If someone's plotting to do something they couldn't do, then we're into punishing thought. That could be a dangerous precedent for all of us.

Unclear in both the British and Canadian operations is how, and why, these particular individuals came to the attention of 'security'. We're told in the British case that it was investigation into a purported 'terrorist banker' (who wasn't charged in the conspiracy) that brought the plotters into focus. The police also describe their investigations as a "covert" operation. That could refer to the ignorance of the subjects, but it could also refer to the operation of a police 'plant'. That is the the case in the Toronto model.

In the Canadian reprise of Jihadist terror. The subjects allegedly came to light as the result of a gun smuggling investigation. This led back to a gunshop in Georgia owned by an individual who was, so were told, tracked to a meeting of Jihadists in Toronto - he 'confessed' to being part of the plot in Toronto before he was jailed in the States. A police informant, associated with a Toronto Mosque, was involved and after a two year 'investigation' 16 plotters were arrested (in a massive police operation) with 20 bags of crap labelled by police 'ammonium nitrate' and, no doubt a couple of gas can full of diesel, in a garage they'd rented for the purpose of assembling a bomb to target an office building containing RCMP and CSIS Toronto HQs. Of the sixteen, only two have been convicted - after they 'confessed'. One is currently free, the other will be serving a reduced sentence. Some were freed early on and 4 remain to be tried. The police agent received 3/4 of a million dollars and a little mosque on the prairies somewhere.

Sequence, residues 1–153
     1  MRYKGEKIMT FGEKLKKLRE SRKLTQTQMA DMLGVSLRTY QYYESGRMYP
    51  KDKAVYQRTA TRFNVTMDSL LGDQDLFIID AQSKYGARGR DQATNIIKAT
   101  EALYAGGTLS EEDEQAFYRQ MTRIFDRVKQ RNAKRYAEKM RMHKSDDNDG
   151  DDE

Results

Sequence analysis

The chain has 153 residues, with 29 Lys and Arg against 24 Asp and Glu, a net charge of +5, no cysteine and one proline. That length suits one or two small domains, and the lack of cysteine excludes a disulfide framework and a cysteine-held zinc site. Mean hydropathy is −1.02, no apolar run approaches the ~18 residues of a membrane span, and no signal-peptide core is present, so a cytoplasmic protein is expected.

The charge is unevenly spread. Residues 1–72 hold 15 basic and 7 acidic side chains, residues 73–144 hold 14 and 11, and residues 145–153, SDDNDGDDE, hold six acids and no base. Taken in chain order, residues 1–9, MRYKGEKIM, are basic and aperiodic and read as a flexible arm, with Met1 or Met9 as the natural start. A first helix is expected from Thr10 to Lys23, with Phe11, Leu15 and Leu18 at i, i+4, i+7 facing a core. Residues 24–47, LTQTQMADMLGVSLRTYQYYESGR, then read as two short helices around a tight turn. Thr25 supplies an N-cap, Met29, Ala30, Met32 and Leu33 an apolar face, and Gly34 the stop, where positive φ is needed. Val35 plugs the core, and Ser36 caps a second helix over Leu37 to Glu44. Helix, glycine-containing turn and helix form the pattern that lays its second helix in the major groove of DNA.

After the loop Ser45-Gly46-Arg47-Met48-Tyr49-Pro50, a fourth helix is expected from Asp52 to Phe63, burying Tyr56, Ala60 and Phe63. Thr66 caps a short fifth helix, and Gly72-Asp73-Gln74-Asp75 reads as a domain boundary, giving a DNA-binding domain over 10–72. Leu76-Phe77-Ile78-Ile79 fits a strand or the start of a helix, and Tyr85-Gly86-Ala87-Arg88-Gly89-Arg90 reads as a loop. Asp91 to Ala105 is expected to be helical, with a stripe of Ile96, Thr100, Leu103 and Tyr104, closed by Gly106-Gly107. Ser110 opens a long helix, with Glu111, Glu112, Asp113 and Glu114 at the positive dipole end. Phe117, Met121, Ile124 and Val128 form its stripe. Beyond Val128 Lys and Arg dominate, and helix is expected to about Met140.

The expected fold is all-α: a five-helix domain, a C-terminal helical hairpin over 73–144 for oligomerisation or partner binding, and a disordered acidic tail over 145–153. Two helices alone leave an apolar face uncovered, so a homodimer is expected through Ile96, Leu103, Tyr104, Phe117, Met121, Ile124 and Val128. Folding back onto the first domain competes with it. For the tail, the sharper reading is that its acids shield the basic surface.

One of the other sad truisms is the massive fear these operations engender. Air travel will never be the same again - but then air travel has been evolving for decades, and not for the better in many regards. Fear, in the minds of some, is a good thing. It makes us more conscious of personal safety and helps us accept the need for greater expenditure, and less freedom, to keep us 'safe'. The same expenditure and 'safety' entrenches the power of the state to protect 'interests' at the expense of the individual. Fear has become an objective, a manufactured reality, in to-day's world, and we're far away from the Rooseveltian perspective on it.

The hype and hoopla - an 'icing' of a story (in this case a non-story) finally being told - accompanying the conviction of 'terrorists' is designed to make us more vigilant of our security to-day than we were yesterday. Why? So that we'll feel better when security nets the next bunch - and we're told, they're on the way!

A brave show, bravely done!